Emerging Skincare Brand Protéger Goes Classic Editorial For Its First Major Campaign
Between the iOS 14 privacy changes and rising costs of digital advertising, brands are hunting for different ways to generate engaging content that will resonate with customers and, hopefully, fuel sales.
Spurred by those concerns, as well as a wanderlust instigated by the past year-plus of the pandemic, 6-month-old skincare brand Protéger traveled to the Puerto Rican island Vieques for an editorial-style campaign shot by Alex LaCruz that looks like it belongs in the glossy pages of Vogue rather than the For You feed of TikTok. The campaign’s marquee piece of content, a 1-minute video, debuts today on the brand’s Instagram account following a week of teaser posts consisting of stills and short clips from the shoot.
“I wanted to share those feelings that I once upon a time got watching Daria Werbowy or getting lost in the cinematography of a film like ‘Call Me By Your Name,’ not a catchy 15 seconds that’s more appropriate for TikTok,” says Protéger co-founder Peter Clarkson. The brand didn’t completely abandon the demands of the contemporary content machine, though. Clarkson says, “We have video, film, digital photography, Polaroids. We gave the models all disposable cameras when they first got there so they could shoot from their POVs, too. So, we have tons of great content for social, but the anchor is this 1-minute campaign video that is the first big key that all of the other content will shoot off of.”
Protéger launched on Mother’s Day with its head-to-toe unisex Dermal Sérum. The serum is priced at $115 for a full-size 200-ml. bottle and $25 for a 15-ml. size. The Mother’s Day launch was in honor of JoLynn Henke’s late mother. Henke is Clarkson’s co-founder at Protéger and her mother, who passed away after a 5-year battle with ALS in April, is a huge inspiration for the brand.
“Both the physical loss of my mom and the pandemic led Peter and I to focus a lot on existential questions,” says Henke. “Recognizing our own mortality gives us motivation. It gives us motivation to learn, to love, to create, to live a fuller life. So, when we were talking about that campaign, what we wanted to do is spark that same sensation in others and to remind them that we have, in the words of Mary Oliver, one wild and precious life. Then, of course, the question is, what are you planning to do with it?”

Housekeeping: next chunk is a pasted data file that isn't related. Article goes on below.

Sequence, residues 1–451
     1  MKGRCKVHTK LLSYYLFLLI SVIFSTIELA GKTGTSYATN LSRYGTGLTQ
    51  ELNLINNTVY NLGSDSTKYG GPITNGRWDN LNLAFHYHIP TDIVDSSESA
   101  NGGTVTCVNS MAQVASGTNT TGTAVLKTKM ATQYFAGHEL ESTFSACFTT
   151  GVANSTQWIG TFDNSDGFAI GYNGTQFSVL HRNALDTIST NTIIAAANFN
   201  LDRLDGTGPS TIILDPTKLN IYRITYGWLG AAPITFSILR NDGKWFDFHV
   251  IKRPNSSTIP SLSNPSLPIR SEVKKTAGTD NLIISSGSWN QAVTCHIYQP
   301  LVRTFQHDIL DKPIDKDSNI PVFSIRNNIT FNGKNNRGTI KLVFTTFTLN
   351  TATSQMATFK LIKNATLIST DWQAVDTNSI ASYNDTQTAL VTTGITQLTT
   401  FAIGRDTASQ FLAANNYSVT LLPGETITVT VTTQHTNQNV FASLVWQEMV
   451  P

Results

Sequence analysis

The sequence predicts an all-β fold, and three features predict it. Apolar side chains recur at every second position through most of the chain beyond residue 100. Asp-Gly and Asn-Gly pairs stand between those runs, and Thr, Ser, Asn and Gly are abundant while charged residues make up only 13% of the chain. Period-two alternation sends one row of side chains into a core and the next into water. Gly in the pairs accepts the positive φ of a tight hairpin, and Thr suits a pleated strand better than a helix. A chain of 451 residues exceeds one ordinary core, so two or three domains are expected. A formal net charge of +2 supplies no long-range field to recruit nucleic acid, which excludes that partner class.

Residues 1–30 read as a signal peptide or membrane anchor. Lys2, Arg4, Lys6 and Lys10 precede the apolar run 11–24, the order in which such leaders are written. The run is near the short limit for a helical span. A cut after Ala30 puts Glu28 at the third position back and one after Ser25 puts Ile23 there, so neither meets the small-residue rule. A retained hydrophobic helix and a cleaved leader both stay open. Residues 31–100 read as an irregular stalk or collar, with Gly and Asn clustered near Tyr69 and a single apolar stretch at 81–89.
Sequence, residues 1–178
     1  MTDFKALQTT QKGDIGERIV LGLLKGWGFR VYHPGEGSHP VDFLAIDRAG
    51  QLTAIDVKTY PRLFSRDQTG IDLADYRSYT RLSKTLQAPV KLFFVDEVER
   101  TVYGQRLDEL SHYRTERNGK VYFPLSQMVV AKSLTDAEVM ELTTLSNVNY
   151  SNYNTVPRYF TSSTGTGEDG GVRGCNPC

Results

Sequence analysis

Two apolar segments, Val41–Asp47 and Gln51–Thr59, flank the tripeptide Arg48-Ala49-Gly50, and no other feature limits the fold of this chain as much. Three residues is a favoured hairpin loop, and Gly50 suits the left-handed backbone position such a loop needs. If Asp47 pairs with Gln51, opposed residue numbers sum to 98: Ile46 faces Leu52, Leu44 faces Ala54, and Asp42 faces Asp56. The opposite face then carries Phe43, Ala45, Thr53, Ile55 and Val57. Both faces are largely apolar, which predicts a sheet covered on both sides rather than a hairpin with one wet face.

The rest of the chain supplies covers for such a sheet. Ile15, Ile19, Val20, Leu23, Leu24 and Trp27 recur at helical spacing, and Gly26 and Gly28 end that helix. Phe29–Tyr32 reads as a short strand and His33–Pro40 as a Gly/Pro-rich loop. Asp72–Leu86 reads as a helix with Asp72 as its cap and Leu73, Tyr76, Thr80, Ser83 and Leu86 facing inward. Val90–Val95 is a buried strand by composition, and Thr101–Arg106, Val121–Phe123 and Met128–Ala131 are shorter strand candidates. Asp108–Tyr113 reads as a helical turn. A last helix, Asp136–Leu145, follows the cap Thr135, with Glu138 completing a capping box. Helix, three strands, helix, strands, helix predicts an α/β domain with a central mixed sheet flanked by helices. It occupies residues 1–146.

The campaign isn’t only about big feelings. It’s intended as a tool for consumer education. Henke and Clarkson wanted to drive home the point that Dermal Sérum is intended for the face and body. Visuals and tutorials demonstrate that the product is for “everywhere you have skin.”
“We want to be recognized for quality on every single level.”
Clarkson and Henke will also use the campaign to draw the attention of retailers the brand seeks partnerships with. Currently, Protéger is sold on its website, and carried at a selection of boutiques, salons and specialty stores like New York City’s Flying Solo. Henke and Clarkson name clean beauty chains like The Detox Market as at the top of their list of potential retail partners.
The co-founders have bootstrapped Protéger so far, but plan to raise a friends and family round next year. The campaign has been the brand’s most substantial expense to date. “We were very conservative with our marketing dollars on social media since we launched, keeping this larger campaign budget in mind,” says Henke. “We were funneling money into the larger budget, and I think it ended up serving us pretty well. Now that we’re a bit more established and have our processes down, we’ll have more of a robust marketing presence and can emerge with more gusto coming into the holiday season.”
To date, Protéger has relied on word of mouth and organic discovery to grow its reach. Escapist videos have been popular with its audience, solidifying the direction of the brand’s campaign. Protéger will continue to rely on organic content—it hasn’t paid influencers and doesn’t anticipate doing so going forward. “Any influencers you see posting on the day of [the campaign launch], of which there will be a good amount, are genuinely people that are in our network, many as a result of my background in fashion over the last 15 years, who genuinely want to post,” says Clarkson, a model. “Nobody’s being paid.”
While high-concept multimedia campaigns like Protéger’s have traditionally been the province of legacy brands, indie brands are increasingly exploring them. For the launch of its in-house product line called Super Mush, startup marketplace The Multiverse created a stylish nearly 90-second video paired with a billboard in Los Angeles’ Venice neighborhood.
Lindsey Seyman, co-founder and president of Fancy, an agency that worked with pH-D Feminine Health on a recent multimedia campaign, figures budgets for comprehensive campaigns like these usually start at around $150,000. “In that money is the production dollars, what for us is out-of-pocket expenses. Then, there’s the strategy, research, etc., that can vary depending on the brand’s media plan and the arsenal of assets they need,” she says. The six-figure budget may cause sticker shock, but Seyman stresses the campaigns provide value because they yield enough content for at least a year.
Seyman began witnessing direct-to-consumer brands shifting to more traditional advertising methods right before the pandemic. Conversely, she’s seen legacy companies embracing scrappier production practices characteristic of startups. For Protéger, producing a refined inaugural campaign made sense to help the brand stand out.
Clarkson says, “We want to be recognized for quality on every single level, down to the product and the packaging, but also the story that we tell and the imagery that we put out into the world. I want to tell a story with this [campaign] and to take people on a journey with us and experience it. To really, really feel something.”